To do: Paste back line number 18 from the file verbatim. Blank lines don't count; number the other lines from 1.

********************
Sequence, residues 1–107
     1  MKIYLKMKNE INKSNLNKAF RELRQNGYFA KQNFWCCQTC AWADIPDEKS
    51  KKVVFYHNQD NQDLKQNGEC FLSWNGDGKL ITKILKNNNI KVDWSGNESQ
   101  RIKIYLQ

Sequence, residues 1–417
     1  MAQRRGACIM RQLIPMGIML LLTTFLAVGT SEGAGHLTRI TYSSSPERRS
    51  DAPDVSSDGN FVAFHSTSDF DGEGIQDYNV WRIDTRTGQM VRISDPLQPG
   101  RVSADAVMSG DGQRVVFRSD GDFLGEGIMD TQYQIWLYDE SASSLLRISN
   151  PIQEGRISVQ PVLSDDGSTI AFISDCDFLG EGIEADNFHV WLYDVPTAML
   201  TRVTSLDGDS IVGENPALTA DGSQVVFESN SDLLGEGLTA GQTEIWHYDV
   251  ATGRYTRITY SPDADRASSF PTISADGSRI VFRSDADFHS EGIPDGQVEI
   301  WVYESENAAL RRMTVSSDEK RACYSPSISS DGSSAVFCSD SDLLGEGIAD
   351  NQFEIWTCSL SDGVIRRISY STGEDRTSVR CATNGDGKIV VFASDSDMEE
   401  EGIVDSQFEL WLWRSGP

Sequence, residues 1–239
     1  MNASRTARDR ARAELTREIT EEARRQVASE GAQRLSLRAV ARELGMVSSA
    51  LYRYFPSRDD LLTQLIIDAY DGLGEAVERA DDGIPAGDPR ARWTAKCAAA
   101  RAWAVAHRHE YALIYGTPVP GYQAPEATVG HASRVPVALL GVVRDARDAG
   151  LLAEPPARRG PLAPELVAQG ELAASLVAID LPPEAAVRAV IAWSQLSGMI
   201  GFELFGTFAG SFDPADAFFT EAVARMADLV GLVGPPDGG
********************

   101  RAWAVAHRHE YALIYGTPVP GYQAPEATVG HASRVPVALL GVVRDARDAG